Children's Hospital Colorado
Eye Care

Amblyopia

Kids aren’t just mini adults. In fact, they’re incredibly different. That’s why they need incredibly different care.

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What is Amblyopia (lazy eye)?

Amblyopia, also referred to as “lazy eye,” is a condition in which the brain does not communicate correctly with one or both eyes early in life. This results in poor vision in one or both eyes.

There are three types of amblyopia:

  • Refractive amblyopia is the most common and is caused by refractive errors such as farsightedness, nearsightedness, and astigmatism. If the affected eye or eyes are not treated with glasses or contact lenses early in childhood, the refractive error can result in poor visual development.
  • Strabismic amblyopia occurs as a result of misalignment of a child's eyes, such as crossed eyes.
  • Deprivation amblyopia develops when there is a structural abnormality such as a droopy eyelid, cataract or corneal opacity that blocks the child’s line of sight preventing the development of clear vision.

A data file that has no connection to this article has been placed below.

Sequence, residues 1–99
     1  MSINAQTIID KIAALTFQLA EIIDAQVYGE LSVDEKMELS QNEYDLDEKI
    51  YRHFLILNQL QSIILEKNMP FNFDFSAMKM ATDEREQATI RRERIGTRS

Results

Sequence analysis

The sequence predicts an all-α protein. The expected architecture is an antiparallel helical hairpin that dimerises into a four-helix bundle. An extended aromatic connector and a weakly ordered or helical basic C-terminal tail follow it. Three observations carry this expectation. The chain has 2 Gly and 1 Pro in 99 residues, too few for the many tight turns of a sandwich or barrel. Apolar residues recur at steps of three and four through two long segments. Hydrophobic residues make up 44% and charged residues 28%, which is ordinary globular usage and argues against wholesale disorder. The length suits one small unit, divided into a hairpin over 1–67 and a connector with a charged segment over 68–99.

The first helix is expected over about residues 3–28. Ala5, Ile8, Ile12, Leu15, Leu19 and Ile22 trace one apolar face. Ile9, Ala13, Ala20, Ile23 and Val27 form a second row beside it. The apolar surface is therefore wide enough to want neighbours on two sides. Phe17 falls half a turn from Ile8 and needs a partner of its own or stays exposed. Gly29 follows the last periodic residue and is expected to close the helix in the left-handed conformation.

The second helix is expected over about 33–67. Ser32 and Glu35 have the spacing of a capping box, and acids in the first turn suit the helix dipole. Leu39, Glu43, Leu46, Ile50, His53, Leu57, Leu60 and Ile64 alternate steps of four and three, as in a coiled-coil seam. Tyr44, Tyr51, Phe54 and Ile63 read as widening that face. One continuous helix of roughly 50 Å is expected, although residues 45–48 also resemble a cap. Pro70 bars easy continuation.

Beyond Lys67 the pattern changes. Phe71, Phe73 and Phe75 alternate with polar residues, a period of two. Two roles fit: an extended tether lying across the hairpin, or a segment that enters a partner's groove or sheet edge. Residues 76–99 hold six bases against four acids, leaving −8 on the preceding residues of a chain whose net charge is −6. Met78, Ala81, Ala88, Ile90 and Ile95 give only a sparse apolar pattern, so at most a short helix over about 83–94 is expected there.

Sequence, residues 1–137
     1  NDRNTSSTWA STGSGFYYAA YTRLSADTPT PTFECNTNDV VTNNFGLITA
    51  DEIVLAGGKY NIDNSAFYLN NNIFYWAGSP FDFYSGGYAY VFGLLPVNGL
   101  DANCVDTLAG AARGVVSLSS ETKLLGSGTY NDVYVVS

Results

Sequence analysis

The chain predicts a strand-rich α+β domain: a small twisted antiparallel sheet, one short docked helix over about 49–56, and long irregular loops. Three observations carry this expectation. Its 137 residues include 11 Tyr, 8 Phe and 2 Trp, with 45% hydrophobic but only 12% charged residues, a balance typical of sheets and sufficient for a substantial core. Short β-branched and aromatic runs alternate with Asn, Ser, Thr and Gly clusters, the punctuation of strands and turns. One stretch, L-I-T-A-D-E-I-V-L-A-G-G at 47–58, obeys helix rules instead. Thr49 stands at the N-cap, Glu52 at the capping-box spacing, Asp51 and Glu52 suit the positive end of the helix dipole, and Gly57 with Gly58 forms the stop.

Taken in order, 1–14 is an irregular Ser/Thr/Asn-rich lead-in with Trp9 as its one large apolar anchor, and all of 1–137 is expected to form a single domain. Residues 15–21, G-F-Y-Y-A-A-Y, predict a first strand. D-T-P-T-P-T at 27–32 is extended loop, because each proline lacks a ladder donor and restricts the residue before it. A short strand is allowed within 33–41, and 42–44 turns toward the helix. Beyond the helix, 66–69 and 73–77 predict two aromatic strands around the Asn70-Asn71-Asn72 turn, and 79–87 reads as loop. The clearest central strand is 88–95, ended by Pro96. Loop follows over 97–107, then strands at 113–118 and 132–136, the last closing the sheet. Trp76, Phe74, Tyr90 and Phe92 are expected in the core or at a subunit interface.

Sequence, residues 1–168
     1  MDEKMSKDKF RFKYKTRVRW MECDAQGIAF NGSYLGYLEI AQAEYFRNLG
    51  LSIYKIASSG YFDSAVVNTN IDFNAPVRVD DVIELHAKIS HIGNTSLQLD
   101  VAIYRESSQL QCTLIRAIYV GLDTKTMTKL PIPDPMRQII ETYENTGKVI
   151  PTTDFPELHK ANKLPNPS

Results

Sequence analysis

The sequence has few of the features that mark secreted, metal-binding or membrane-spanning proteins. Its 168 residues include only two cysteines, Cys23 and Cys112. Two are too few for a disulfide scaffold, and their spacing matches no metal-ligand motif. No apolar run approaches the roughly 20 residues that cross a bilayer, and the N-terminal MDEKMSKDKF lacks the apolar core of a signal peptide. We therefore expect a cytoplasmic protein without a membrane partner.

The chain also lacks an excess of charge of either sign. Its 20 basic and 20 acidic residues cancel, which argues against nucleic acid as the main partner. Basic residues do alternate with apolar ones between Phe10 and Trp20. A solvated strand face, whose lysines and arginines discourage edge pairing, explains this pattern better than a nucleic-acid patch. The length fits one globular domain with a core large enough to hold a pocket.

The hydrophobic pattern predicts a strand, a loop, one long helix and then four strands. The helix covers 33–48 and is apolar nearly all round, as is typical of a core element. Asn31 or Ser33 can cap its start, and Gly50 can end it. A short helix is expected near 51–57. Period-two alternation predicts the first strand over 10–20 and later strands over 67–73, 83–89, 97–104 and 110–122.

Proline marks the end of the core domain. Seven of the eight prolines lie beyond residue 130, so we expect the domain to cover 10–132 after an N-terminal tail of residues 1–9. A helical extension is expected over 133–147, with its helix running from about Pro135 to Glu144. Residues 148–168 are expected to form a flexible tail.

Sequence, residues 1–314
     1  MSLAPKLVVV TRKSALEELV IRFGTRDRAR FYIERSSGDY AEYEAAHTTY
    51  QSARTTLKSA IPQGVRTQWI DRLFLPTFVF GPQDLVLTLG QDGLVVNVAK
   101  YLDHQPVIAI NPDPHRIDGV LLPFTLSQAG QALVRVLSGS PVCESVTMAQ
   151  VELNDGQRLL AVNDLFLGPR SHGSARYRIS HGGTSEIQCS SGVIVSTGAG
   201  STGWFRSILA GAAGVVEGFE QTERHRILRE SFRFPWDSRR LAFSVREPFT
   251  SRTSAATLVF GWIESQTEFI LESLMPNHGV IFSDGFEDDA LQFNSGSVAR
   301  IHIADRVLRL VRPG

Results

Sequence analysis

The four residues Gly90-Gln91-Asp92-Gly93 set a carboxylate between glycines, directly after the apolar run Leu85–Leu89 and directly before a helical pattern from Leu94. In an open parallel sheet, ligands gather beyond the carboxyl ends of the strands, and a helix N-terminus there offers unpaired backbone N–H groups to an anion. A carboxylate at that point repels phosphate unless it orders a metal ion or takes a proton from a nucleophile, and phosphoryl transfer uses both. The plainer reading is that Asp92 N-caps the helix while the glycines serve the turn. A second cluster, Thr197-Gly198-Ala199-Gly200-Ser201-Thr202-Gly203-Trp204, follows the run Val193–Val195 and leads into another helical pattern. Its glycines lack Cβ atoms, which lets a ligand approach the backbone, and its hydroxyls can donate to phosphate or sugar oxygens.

What causes amblyopia?

Amblyopia is caused by abnormal visual development in infancy or early childhood. Typically, the brain receives information from the eye, which helps the brain develop in the early year of a person’s life. If the brain is not receiving the information it needs, it cannot develop those vision centers in the brain, which results in amblyopia and poor vision.

Who gets amblyopia?

Any infant or child with significant refractive error, misalignment of the eyes (strabismus), structural abnormality obstructing the visual axis, or any combination of the above, can develop amblyopia.

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Get to know our pediatric experts.

Robert Enzenauer, MD, MPH/MSPH

Robert Enzenauer, MD, MPH/MSPH

Ophthalmology, Pediatrics

Rebecca Braverman, MD

Rebecca Braverman, MD

Ophthalmology

Emily McCourt, MD

Emily McCourt, MD

Ophthalmology

Jasleen Singh, MD

Jasleen Singh, MD

Ophthalmology